EU Must Triple Emission Reduction Efforts
EUROPES leading role in climate change is being slowed by a lack of action and policy implementation, so report the World Wide Fund For Nature (WWF) International and analysts Ecofys in a report released today.
A new tracking tool launched today reveals that only a third of the necessary action needed today to put EU countries on a path towards a low carbon economy by 2050 (reducing greenhouse gas emissions by 80-95%), is currently being undertaken.
The report and accompanying website called the Climate Policy Tracker for the European Union, provide for the first time an up-to-date snapshot of greenhouse gas emission controls across the EU using a Member State-by-Member State and sector-by sector analysis.
“The Climate Policy Tracker is a powerful tool that measures the impact of policies and their effectiveness. It allows people to easily identify the policy sectors which need more attention and where action is most effective in reducing emissions”, says Niklas Höhne, Director of Energy & Climate Policy at Ecofys.
The Climate Policy Tracker reveals large differences in levels of ambition and best practices across EU countries when it comes to reducing greenhouse gas emissions; however the report shows that overall the results are weak.
“The deep cuts needed for 2050 have to happen across the economy. Member States need to scan their full policy portfolios to address weaknesses. They also need to commit to improving their implementation of EU policies, since 40% of results hinge on European legislation”, says Jason Anderson, Head of Climate & Energy Policy at WWF European Policy Office.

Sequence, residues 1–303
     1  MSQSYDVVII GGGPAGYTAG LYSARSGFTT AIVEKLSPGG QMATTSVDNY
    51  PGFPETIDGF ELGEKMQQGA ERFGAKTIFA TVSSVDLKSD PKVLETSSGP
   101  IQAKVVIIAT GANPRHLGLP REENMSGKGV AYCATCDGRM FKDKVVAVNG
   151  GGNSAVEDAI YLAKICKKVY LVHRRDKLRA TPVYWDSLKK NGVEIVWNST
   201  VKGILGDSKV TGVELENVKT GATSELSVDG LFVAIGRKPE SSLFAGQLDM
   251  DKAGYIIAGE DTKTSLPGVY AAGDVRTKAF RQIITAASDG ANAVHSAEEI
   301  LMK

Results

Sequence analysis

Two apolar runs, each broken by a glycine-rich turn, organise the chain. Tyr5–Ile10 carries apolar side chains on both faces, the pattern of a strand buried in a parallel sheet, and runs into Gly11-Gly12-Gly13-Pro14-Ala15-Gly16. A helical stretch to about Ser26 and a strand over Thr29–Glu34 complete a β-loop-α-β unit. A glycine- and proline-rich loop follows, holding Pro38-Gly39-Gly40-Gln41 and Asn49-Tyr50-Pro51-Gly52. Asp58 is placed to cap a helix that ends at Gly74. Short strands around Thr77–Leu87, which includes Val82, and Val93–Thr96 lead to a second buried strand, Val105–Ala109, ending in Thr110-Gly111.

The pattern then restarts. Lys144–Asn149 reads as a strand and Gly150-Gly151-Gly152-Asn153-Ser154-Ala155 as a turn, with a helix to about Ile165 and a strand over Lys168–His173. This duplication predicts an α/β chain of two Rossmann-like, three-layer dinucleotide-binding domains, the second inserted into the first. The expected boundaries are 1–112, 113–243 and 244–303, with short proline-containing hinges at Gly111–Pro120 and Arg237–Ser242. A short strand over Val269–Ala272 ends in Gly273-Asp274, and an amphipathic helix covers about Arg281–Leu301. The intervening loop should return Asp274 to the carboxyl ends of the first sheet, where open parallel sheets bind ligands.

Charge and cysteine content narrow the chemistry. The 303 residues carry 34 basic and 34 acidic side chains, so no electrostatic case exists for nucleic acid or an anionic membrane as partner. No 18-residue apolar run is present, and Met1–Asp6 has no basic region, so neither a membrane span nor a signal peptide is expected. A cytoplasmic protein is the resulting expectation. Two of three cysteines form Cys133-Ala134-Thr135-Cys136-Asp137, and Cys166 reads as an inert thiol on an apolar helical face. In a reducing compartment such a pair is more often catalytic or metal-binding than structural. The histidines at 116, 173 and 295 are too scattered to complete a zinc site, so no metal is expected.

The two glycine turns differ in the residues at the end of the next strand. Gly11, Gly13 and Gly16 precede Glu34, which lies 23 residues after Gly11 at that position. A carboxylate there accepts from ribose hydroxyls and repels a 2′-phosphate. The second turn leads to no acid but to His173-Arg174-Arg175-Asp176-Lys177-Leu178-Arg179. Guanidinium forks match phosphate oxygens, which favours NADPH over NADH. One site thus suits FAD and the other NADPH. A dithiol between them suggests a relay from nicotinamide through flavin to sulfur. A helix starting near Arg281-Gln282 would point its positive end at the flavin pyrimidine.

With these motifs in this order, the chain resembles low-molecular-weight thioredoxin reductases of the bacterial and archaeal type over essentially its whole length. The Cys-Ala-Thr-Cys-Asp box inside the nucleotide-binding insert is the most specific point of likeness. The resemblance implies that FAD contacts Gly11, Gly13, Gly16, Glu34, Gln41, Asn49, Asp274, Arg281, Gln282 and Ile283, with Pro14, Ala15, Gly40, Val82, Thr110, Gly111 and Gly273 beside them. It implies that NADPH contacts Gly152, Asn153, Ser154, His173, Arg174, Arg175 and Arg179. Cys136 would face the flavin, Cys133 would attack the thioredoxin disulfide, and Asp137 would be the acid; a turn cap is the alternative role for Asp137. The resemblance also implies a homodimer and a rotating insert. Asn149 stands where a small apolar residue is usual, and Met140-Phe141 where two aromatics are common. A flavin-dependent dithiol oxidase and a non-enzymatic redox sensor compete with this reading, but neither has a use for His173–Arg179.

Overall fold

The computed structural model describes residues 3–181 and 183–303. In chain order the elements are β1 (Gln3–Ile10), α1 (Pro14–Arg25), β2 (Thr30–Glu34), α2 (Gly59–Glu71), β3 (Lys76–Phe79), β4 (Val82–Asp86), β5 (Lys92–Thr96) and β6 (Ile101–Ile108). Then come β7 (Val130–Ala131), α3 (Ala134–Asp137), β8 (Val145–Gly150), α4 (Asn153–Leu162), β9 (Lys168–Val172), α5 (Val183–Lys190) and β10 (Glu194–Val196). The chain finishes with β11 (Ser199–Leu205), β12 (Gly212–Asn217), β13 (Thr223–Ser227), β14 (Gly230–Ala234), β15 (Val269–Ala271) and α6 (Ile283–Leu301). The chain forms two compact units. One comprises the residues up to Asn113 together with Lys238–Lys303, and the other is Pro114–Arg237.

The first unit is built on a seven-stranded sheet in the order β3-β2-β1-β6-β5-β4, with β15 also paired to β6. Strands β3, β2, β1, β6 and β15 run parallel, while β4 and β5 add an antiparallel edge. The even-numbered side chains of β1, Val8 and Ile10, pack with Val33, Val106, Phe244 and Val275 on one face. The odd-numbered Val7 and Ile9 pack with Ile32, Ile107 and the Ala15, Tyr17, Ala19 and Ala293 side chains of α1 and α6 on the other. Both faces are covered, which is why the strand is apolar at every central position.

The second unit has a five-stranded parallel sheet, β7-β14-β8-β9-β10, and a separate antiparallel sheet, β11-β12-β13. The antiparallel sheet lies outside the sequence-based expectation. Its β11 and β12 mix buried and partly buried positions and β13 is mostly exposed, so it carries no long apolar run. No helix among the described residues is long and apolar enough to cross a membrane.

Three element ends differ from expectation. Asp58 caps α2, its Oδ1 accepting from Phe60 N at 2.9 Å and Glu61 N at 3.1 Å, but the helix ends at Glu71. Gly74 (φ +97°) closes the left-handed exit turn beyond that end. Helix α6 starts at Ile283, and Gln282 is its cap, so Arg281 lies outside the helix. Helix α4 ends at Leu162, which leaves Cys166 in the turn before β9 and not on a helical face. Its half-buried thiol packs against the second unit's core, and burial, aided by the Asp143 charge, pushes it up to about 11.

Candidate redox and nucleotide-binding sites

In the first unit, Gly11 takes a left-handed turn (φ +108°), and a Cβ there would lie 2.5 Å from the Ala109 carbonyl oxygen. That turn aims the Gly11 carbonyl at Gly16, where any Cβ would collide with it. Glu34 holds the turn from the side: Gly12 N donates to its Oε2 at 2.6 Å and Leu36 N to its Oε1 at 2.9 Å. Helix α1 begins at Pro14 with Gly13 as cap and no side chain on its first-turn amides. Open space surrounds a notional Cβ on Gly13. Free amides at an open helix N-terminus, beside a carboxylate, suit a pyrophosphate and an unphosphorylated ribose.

The tracker results have an encouraging side as well: if Member States were to follow the example of the highest-scoring country in each policy area and sector, they would achieve two-thirds of the required effort – double the current average. This means that policy options are available, but not implemented across the board.
“There are success stories in each country and policy makers should learn from best practices across Europe. Overall, however, the ratings are low. Support for renewable energy is most widely implemented across Europe and shows the most progress, whilst energy efficiency, transport and industry are lagging behind,” continues Höhne.
The Climate Policy Tracker clearly shows how and why the EU is failing to meet its targets. “Every country and the EU as a whole, needs 2050 decarbonisation legislation otherwise we are rudderless. Now we can also clearly see that the mid-term 2020 climate target needs a boost and that calling for 20% reduction is not good enough – it will never allow us to reach a low-carbon economy by 2050,” concludes Anderson.
Picture by Open Democracy
Wednesday 24th November 2010